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    Saint James
    Recruit

  • Saint James
    replied
    161 in the Air

    I saw 161 this morning at Manston in Kent. She was on her way back from Belgium to her base at Duxford and did a flypast over the airfield accompanied by a Griffin engined Spit (Mk 16 I think). This was part of the VE Day celebrations which were held throughout the UK this weekend

    She looked stunning and sounded even better. The paint job is excellent, and speaking to a pilot who has flown '202' as he called her (PV202 was the original registration in RAF service) she is in better condition now that the day she was built.

    Saint James

    Leave a comment:

  • ForkTailedDevil
    Vague

  • ForkTailedDevil
    replied
    Originally posted by Silver
    Has anybody here ever repainted a Corgi Spitfire or Hurricane model in IAC colours ? ........how tricky would that be ?

    I prefer metal models to plastic, and would like to have a couple of IAC models at some stage.
    The only repainted Corgi model I have see (other than some pink Avro Yorks which is an involved story) is a Hurricane repainted in Russian winter white cammo, and a superb job it was too but of course doing something like that requires a lot of skill, good materials and for gods sake, if you are thinking of doing it, look into getting a VERY common Corgi Hurricane as most of CORGIS PLANES ARE COLLECTORS MODELS and worth a fair bit in many cases. Personally I would consider it a bit sacriligeous to do it to a Corgi Hurricane as a collector . So wait till I get a reply about a purpose built one for you.

    It may help if someone can provide details of one of the Hurricanes that had an interesting history (interned etc), or a well regarded pilot or something along those lines that will appeal to a wider range of collectors than just the Irish market.

    Leave a comment:

  • hptmurphy
    Commander in Chief

  • hptmurphy
    replied
    Vacforms ..as the name suggests are vacuformed as opposed to injection moulding which involves forcing heated palstic basic into a mould onder high pressure.

    Vacuum formed on the other had involves heating a sheet of plastic and pressing it over preformed shapes.

    Problems with the vacform

    are...1. Lo availability and high cost
    2.removing the parts from the preformed sheet is very time consuming and messy
    3. You only get the basic outline if the aircraft and all ancilliaries including engines ..props..undercarriage...weapons ..transparancies ...decals ..paint schemes..aerials...wheel doors ...engine bays ....wheel wells and many other fiddly bits need to be scratch built or aftermarket sourced ..which can get very expensive.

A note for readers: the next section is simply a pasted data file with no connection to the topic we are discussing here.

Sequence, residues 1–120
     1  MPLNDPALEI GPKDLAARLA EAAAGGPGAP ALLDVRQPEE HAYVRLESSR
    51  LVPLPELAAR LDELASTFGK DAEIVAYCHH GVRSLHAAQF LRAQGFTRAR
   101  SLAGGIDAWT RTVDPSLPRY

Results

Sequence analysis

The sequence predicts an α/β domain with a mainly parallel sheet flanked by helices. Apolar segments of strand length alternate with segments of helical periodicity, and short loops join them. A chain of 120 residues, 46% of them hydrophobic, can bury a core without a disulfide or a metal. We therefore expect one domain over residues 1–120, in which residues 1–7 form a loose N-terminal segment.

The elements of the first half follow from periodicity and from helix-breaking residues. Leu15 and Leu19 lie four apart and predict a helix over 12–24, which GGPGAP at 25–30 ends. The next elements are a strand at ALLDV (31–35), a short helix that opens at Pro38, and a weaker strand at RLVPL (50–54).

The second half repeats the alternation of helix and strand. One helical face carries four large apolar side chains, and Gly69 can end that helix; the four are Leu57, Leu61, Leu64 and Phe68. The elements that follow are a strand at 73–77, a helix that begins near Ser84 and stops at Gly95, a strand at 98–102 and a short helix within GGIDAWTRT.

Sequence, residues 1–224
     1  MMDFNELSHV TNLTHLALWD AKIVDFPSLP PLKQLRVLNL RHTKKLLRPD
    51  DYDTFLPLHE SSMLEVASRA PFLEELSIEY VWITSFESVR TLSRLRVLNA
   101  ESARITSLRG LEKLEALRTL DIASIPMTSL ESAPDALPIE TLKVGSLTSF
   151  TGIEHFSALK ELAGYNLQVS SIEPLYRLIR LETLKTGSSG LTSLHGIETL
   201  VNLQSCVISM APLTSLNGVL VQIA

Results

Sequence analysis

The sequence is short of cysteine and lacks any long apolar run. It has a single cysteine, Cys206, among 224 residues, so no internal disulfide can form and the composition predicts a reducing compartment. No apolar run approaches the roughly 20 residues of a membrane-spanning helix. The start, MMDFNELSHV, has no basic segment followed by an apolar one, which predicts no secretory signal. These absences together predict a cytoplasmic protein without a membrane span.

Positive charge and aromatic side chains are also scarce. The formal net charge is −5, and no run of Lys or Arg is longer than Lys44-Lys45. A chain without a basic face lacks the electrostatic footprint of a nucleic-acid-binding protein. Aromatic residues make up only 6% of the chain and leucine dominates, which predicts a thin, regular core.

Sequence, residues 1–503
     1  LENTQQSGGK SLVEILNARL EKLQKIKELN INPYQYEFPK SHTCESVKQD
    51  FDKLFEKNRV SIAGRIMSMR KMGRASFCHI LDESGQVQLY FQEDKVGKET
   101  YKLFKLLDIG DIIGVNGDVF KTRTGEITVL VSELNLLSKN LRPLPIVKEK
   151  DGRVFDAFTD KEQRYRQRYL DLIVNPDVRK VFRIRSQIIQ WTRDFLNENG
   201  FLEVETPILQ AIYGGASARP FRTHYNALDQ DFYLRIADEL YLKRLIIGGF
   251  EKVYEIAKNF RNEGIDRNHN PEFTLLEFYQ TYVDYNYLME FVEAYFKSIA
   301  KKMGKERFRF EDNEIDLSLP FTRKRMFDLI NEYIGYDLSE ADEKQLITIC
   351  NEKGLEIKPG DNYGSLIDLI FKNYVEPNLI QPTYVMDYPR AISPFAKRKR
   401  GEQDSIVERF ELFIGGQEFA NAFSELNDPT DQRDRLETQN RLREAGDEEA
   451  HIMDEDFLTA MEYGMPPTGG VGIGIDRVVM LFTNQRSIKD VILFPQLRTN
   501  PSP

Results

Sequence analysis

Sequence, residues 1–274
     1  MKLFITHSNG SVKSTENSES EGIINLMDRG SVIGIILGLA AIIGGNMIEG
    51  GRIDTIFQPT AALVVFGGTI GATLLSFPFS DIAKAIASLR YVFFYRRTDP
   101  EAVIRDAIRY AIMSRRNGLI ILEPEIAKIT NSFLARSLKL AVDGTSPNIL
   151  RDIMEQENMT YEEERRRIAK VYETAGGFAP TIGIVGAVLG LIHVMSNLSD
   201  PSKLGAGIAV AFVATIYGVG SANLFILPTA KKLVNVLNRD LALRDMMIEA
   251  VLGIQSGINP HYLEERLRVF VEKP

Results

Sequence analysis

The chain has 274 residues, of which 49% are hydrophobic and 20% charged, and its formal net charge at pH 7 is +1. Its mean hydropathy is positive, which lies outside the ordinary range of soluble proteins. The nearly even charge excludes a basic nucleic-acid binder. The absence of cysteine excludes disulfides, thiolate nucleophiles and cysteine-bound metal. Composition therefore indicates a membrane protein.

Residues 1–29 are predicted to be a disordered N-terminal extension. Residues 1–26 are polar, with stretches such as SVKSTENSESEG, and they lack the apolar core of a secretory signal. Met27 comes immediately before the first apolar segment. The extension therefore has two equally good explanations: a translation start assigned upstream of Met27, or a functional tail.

So weigh up how much you want a representation against the cost and against your skills.

    They are not for the faint hearted.

    Vacforms I 've buit to date range from a MK9 meteor..to TU125...to include a bout 50 others.
    they are very rewarding if finished properly as they will well reflect your skill as a modeller

    As opposed to that I've built about 500 injection models for myself and made about two hunderd for another collector.

    I have close on 500 more unbuilt in boxes....just waiting for the right inspiration.

    You should see my attic!

    Leave a comment:

  • hptmurphy
    Commander in Chief

  • hptmurphy
    replied
    quite easy actuall...sand ofthe markings .....remove the uperlayers of finish using etching primer and white white spitit. Mask of the appropriate areas.

    Now nip into yor local motor factors get a can of Hycote grey primer and covermodel.

    apply appropriate colours......apply decals ...available fro maxDecals ...apply coat of jonsons floor varnish to seal paint and markings and finish with humbrol matt or satin varnish..hey presto IAAC spit or hurricane asumming they are the right marks.

    AC used LF11 seafire whick is like a Vb with a fourblade prop and no pointed tail.

    AC hurris came in two marks....MK1 eight guns and stubby spinner......Mk11c pointed spinner and 4x20mm cannon which protruded from the leading edge.

    If you've painted models before this is no problem but I wouldn't try
    it as a first project
    .What scale are the said models

    Leave a comment:

  • Silver
    Sqdn. Ldr

  • Silver
    replied
    Has anybody here ever repainted a Corgi Spitfire or Hurricane model in IAC colours ? ........how tricky would that be ?

    I prefer metal models to plastic, and would like to have a couple of IAC models at some stage.

    Leave a comment:

  • ForkTailedDevil
    Vague

  • ForkTailedDevil
    replied
    I understand the vacforms are amongst the hardest types to build. Probably explains why I've never found anyone to take it on. I had a Royal Mail induced ding on a diecast 707 I got through the post and the packing it was in was something else. I dread to think what An Post and the Royal Mail would conspire to do to a vacform.